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Chinita Macri was mad. She sat in the passenger’s seat of the BBC van as it idled at a corner on Via Tomacelli. Gunther Glick was checking his map of Rome, apparently lost. As she had feared, his mystery caller had phoned back, this time with information.

“Piazza del Popolo,” Glick insisted. “That’s what we’re looking for. There’s a church there. And inside is proof.”

“Proof.” Chinita stopped polishing the lens in her hand and turned to him. “Proof that a cardinal has been murdered?”

“That’s what he said.”

“You believe everything you hear?” Chinita wished, as she often did, that she was the one in charge. Videographers, however, were at the whim of the crazy reporters for whom they shot footage. If Gunther Glick wanted to follow a feeble phone tip, Macri was his dog on a leash.

She looked at him, sitting there in the driver’s seat, his jaw set intently. The man’s parents, she decided, must have been frustrated comedians to have given him a name like Gunther Glick. No wonder the guy felt like he had something to prove. Nonetheless, despite his unfortunate appellative and annoying eagerness to make a mark, Glick was sweet . . . charming in a pasty, Briddish, unstrung sort of way. Like Hugh Grant on lithium.

“Shouldn’t we be back at St. Peter’s?” Macri said as patiently as possible. “We can check this mystery church out later. Conclave started an hour ago. What if the cardinals come to a decision while we’re gone?”

Glick did not seem to hear. “I think we go to the right, here.” He tilted the map and studied it again. “Yes, if I take a right . . . and then an immediate left.” He began to pull out onto the narrow street before them.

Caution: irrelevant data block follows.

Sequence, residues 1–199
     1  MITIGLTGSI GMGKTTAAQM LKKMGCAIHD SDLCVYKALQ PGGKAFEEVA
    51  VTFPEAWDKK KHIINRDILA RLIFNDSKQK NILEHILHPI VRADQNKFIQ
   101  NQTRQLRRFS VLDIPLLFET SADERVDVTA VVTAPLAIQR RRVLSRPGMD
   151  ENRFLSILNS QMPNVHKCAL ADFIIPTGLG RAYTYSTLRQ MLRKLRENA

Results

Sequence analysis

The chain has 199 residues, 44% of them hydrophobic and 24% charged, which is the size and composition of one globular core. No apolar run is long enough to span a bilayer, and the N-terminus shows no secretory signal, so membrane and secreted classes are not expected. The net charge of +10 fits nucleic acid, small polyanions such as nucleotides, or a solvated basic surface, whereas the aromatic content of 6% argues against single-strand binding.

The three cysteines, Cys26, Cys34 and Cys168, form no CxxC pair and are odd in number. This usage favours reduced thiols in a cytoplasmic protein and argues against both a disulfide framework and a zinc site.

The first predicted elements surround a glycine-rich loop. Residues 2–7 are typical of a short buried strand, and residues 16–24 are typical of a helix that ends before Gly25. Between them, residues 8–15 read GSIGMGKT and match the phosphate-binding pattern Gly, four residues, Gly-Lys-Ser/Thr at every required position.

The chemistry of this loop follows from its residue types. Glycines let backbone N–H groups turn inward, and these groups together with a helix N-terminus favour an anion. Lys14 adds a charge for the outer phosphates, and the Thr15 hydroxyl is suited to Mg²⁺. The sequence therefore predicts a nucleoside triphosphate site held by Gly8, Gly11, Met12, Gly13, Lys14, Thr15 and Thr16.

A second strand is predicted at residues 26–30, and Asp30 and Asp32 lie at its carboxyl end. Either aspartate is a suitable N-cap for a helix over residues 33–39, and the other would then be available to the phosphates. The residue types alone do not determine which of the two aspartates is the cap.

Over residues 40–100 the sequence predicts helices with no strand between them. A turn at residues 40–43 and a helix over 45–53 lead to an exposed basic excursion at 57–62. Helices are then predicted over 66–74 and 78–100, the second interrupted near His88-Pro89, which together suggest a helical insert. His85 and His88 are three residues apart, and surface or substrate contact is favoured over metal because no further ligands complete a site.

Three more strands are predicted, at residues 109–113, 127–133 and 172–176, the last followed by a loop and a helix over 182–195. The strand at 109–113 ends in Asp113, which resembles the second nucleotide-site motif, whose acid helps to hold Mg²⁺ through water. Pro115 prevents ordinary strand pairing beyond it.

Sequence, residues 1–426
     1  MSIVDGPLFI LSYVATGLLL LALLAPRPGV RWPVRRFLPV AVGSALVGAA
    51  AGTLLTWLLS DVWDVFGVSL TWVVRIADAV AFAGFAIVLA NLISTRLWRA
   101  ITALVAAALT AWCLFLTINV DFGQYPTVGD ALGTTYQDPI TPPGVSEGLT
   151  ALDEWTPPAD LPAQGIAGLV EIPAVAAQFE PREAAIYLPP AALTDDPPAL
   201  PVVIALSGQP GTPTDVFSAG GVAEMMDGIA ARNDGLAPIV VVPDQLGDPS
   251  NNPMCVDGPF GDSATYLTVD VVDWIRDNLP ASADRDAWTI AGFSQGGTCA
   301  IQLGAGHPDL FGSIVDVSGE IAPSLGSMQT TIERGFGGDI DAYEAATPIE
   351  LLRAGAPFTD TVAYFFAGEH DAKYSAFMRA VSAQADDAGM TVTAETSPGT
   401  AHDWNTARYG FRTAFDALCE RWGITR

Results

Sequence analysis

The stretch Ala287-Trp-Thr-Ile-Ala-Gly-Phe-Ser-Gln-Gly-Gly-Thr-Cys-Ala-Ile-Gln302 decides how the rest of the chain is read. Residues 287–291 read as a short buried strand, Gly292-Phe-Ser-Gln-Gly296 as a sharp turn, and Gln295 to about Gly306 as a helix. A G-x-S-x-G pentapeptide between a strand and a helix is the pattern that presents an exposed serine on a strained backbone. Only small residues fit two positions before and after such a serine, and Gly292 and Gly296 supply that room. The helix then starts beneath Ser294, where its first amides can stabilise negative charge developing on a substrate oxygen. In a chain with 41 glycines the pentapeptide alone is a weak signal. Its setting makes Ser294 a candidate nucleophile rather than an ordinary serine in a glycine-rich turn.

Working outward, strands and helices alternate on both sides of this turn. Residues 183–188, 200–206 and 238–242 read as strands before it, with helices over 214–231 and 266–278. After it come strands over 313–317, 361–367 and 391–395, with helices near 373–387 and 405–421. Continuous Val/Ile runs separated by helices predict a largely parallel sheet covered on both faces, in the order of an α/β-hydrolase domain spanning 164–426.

“Look out!” Macri yelled. She was a video technician, and her eyes were sharp. Fortunately, Glick was pretty fast too. He slammed on the brakes and avoided entering the intersection just as a line of four Alpha Romeos appeared out of nowhere and tore by in a blur. Once past, the cars skidded, decelerating, and cut sharply left one block ahead, taking the exact route Glick had intended to take.

“Maniacs!” Macri shouted.

Glick looked shaken. “Did you see that?”

“Yeah, I saw that! They almost killed us!”

“No, I mean the cars,” Glick said, his voice suddenly excited. “They were all the same.”

“So they were maniacs with no imagination.”

“The cars were also full.”

“So what?”

“Four identical cars, all with four passengers?”

“You ever heard of carpooling?”

“In Italy?” Glick checked the intersection. “They haven’t even heard of unleaded gas.” He hit the accelerator and peeled out after the cars.

Macri was thrown back in her seat. “What the hell are you doing?”

Glick accelerated down the street and hung a left after the Alpha Romeos. “Something tells me you and I are not the only ones going to church right now.”